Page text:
For example, respiring fruit and vegetable tissue – whether in whole produce or partially prepared products – generally benefit from less than 10% [O.sub.2] and less than 20% C[O.sub.2] to control microbial growth. An atmosphere of 1-2% [O.sub.2] and 5-10% C[O.sub.2] has been recommended for broccoli.

One change in U.S. labeling law could encourage further MAP growth in the poultry industry, as well. If processors are no longer allowed to label previously frozen poultry as fresh, there will be an incentive to revisit MAP as an alternative way to extend shelf life, says Regenstein.


There are two primary areas of research, says Brody. First, interest grows in shipping containers that control temperature, humidity, [O.sub.2] and C[O.sub.2]. The military and produce exporters have led this area.

Second, efforts are being directed toward confirming or denying the safety of reduced [O.sub.2] atmospheres.

It is this second area that provides the greatest impediment to continued MAP growth. Perhaps the greatest concern is reserved for products such as precooked entrees – in which bacteria that would compete with pathogens have been eliminated. However, all foods relying on refrigeration as the primary hurdle to microbial growth are closely watched.

For example, “Although Europe has not had problems with MAP, the U.S. government has never really come to terms with it in respect to seafood,” says Regenstein.

The U.K.’s Sea Fish Industry Authority has recommended use of a gas composition of 30% [O.sub.2], 30% [N.sub.2], and 40% C[O.sub.2] for lowfat (white) fish. However, “In the U.S., the National Marine Fishery Service has only approved one system for modified-atmosphere packaged fish, and storage at 28 [degrees] F is required,” he says.

Future activities in the area of MAP will not only involve safety concerns.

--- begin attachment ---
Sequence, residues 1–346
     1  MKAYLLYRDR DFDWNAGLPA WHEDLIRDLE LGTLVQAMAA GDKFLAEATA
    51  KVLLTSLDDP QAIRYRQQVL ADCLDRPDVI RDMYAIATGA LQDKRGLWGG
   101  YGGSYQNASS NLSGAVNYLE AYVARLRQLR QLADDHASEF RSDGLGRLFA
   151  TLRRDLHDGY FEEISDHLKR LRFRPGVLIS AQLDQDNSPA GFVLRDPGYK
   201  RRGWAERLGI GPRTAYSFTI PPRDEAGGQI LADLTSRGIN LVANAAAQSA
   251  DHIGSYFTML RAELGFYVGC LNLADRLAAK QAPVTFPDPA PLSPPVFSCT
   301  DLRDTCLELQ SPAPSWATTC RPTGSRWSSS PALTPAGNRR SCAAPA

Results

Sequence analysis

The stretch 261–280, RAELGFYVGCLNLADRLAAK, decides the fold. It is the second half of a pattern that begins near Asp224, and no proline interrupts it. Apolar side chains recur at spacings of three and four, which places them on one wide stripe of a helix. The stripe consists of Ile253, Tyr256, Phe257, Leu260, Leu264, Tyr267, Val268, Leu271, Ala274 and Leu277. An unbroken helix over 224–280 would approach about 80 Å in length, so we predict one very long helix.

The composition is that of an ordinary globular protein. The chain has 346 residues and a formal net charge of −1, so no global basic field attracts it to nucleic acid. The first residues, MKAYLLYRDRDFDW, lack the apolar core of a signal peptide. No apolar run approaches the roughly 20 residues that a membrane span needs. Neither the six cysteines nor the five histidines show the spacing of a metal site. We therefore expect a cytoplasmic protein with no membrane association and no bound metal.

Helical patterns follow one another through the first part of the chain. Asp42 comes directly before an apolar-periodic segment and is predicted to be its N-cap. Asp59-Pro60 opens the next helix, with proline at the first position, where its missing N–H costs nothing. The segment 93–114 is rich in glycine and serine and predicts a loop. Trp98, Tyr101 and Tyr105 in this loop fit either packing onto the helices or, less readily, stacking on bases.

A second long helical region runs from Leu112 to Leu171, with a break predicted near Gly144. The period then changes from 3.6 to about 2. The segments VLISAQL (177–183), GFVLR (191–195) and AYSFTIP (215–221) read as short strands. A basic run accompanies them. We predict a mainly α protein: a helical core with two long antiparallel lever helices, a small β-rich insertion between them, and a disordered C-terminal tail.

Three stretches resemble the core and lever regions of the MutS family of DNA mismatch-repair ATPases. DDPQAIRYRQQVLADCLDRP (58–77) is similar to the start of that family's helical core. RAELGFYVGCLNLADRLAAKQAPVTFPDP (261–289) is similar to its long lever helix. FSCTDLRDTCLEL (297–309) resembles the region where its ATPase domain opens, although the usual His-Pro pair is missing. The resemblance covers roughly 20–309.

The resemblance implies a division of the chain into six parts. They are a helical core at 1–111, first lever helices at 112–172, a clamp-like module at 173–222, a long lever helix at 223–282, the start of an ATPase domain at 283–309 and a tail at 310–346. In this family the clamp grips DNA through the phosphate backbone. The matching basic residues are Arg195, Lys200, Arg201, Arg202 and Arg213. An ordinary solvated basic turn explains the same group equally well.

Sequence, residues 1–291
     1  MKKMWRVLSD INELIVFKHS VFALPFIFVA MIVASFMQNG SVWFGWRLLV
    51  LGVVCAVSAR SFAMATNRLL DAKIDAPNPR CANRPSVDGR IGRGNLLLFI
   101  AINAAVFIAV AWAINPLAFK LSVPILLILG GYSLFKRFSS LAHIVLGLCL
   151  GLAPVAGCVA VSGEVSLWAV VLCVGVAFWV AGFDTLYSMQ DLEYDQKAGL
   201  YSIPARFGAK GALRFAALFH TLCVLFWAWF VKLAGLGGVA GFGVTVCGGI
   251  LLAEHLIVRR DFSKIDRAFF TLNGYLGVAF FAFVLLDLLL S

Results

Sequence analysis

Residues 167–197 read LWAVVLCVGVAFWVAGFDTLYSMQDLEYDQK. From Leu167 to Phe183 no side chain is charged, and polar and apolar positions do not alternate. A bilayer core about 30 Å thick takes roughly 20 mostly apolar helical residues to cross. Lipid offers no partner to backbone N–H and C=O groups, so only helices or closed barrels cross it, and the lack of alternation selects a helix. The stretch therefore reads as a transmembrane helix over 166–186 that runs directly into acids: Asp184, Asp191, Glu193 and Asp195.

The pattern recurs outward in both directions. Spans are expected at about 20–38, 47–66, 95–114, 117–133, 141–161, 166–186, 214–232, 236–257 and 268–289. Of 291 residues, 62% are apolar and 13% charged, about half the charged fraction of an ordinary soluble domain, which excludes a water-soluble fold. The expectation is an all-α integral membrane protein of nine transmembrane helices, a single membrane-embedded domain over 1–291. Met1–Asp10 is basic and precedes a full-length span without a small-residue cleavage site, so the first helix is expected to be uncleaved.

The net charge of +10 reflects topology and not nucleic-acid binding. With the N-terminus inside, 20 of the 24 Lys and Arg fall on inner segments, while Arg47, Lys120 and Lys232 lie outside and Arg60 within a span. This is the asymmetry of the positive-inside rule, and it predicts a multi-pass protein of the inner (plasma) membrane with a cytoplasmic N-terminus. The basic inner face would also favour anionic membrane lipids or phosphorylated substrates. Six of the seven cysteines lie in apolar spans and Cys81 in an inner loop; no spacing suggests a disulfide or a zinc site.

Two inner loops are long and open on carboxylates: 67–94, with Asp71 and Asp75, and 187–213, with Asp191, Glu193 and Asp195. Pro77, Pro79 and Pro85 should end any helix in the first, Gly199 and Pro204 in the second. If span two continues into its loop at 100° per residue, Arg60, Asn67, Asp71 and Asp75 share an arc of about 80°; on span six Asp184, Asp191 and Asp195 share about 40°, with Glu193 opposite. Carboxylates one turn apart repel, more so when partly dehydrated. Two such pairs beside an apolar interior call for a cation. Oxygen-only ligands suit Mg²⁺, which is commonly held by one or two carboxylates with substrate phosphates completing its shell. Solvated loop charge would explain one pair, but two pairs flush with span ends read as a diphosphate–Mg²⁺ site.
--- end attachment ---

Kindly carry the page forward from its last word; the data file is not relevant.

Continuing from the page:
Bob Hart, manager of food technology at Leatherhead Food Research Assoc. Surrey, U.K., predicts key developments to watch:

1. Sensors that will indicate a pack’s gas composition. This will assure that the original gas mix is correct, that leaks are detected, and any changes can be monitored.

2. Packaging films with permeabilities that change with temperature in order to match fruit and vegetable metabolism. Permeabilities will increase with higher temperatures to allow C[O.sub.2] (produced by respiration) out while allowing [O.sub.2] in.

3. Films which incorporate functional components such as oxygen scavengers, anti-microbial agents, and so on.

RELATED ARTICLE: Prepared Foods R&D Investment Survey


In the 1995 Prepared Foods R&D Investment Survey, 18% of the 736 companies said their R&D programs would increase activity in the area of MAP/CAP, although interest varied greatly among food categories. Companies whose primary sales are in the category of prepared meat, fish and poultry or in the category of prepared vegetable and fruit products showed the most enthusiasm, with 27% and 24% saying they would be increasing their R&D activity in this area respectively.


“HACCP can include nutrition under some circumstances, for example, long-range feeding programs for a ‘captive’ audience such as a prison population.”

– Oscar [Pete] Snyder, president, Hospitality Institute of Technology and Management

“Our macaroni salad label looks [as lengthy] as War and Peace.”

– Steve Loehndorf, vice president of technical services, Orval Kent Foods, commenting on NLEA regulations requiring ingredients in mayonnaise, mustard and relish to be detailed in ingredient statements, as quoted in PF 4/95, p. 31.

COPYRIGHT 1995 Business News Publishing Co.

COPYRIGHT 2004 Gale Group